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February




The Peace Index:
February
 
2015
Date Published: 10/03/2015
Survey dates: 01/03/2015 - 03/03/2015

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On the eve of the elections, which bloc is likely to form a government?: The results of the present Peace Index survey show that the events of the recent weeks and days had no influence on the Jewish public’s assessment of which bloc has a greater chance to form the next government. Two weeks before the elections, 61% believe the right-wing bloc’s chances are greater (compared to 59% who thought so in January and 60% in December). Assessments of the center-left bloc’s chances were less stable, with a downward trend—22% in the latest survey compared to 27.5% and 24% in the previous ones, so that in the last month the gap in favor of the right-wing bloc (39%) was the largest. However, on the question “Which bloc would you want to form the government after the upcoming elections?” a different tendency emerged. Over the past three months the gap between the two blocs has diminished considerably, from 22% favoring the right-wing camp in December to 15% in January and 13% in February. In other words, while the gap has indeed narrowed, when it comes to the preference of the Jewish public the scale still tips rightward, and with so little time remaining before the elections the chances of a dramatic change in the center-left’s favor are small. Interestingly, the largest share of the Arab public (43.5%) goes to those unable to assess which bloc—right or center-left—has the better chance to form a government. Meanwhile there is a clear preference here for a government headed by the center-left: 48% compared to only 11% who would rather see a right-wing government.

Netanyahu’s speech in Washington: The survey, which was conducted concurrently with the prime minister’s speech in Washington, shows that at that time the rate of Jews who thought Netanyahu’s speech would benefit Israel was greater than the rate who thought it would cause damage to the country (39% vs. 29%). The rest were divided between those who thought the visit would neither be harmful nor beneficial (18%) and those who could not decide (14%). On this question the gaps in assessment between the right and the left are huge: whereas, among those who identified themselves as on the right, 69% thought the speech would primarily benefit Israel, 73% of those who defined themselves as left-wing thought it would mainly cause damage. On this question as well, the largest group among the Arab interviewees opted for “Don’t know” (36%).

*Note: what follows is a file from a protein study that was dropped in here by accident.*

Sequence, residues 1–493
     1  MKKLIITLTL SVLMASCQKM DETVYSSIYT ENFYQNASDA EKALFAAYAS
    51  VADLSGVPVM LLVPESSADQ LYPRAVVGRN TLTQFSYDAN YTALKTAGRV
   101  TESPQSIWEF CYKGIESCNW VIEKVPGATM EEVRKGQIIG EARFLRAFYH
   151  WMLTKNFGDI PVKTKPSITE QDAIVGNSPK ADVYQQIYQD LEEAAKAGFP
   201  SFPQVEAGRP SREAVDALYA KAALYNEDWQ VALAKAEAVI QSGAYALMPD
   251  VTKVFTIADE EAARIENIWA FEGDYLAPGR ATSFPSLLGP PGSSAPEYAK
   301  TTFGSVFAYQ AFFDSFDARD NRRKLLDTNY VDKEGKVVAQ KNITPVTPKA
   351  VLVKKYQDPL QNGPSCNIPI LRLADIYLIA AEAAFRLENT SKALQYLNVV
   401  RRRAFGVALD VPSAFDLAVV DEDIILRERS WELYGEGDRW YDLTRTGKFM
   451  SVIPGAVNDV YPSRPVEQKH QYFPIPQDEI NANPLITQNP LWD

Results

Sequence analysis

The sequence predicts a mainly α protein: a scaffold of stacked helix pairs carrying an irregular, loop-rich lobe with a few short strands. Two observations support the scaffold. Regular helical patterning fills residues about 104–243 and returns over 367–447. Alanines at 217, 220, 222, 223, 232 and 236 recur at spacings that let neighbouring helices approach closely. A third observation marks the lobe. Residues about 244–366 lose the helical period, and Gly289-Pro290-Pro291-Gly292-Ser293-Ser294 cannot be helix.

In light of the recent statement by U.S. national security adviser Susan Rice that Netanyahu’s decision to address Congress was destructive to U.S.-Israeli relations, we asked to what extent this assertion is a bad sign of the state of U.S.-Israeli relations. It turns out that the Jewish public does not think it is: a majority (54%) totally or mostly disagrees with Rice’s claim that Netanyahu’s decision augurs poorly for the two states’ relations, while 36.5% say the opposite. Note that a segmentation by self-affiliation with political camps showed that, whereas among those defining themselves as right and moderate right about three-quarters disagree with Rice, on the left and the moderate left (together constituting about 14% of the entire Jewish public) a majority of 70% sees Rice’s assessment is correct. On this question the rate of “Don’t knows” among the Arab interviewees was even higher than on the previous ones (43%).

We also gauged the Jewish public’s view of Netanyahu’s main motive for making the speech to Congress. In January we found that a large majority of the entire Jewish public (67%) thought the trip’s timing, right at the peak of the Israeli election campaign, was key to Netanyahu’s decision to speak in Washington; in other words, that he was using the address abroad to sway the election results at home. In the present survey we asked a different question about the prime minister’s motives: we presented a first main motive—advancing his electoral status, and a second one—belief in his ability to change the U.S. policy on an agreement with Iran. This time 45% of the interviewees thought that the main motive was Netanyahu’s sincere belief that the speech could change the Americans’ position on an agreement with Iran, while 41% said the electoral consideration was what guided him. At the same time, among those defining themselves as left and moderate left there was, this month, a very large majority (about 80%) who thought domestic electoral factors were what motivated Netanyahu to go and address Congress (compared to only about one-fourth of those identifying themselves as right and moderate right who attributed that motive to him).

U.S.-Israeli relations: Against the background we have mentioned, we asked who was more responsible for the recent deterioration in relations between the Israeli government headed by Netanyahu and the U.S. administration headed by Obama. Among the Jewish public, the most common response (34%) is that both sides are equally responsible. For the rest of the Jewish public, however, the rate who cast most of the blame on the Obama-led U.S. administration (32%) is a little higher than the rate who mainly blame the Netanyahu-led Israeli government (27%). Note that among those defining themselves as on the right, a majority of 60% pin the responsibility for the deterioration on the Obama administration, while again, among those defining themselves as left and moderate left, about 80% said the Netanyahu government was to blame.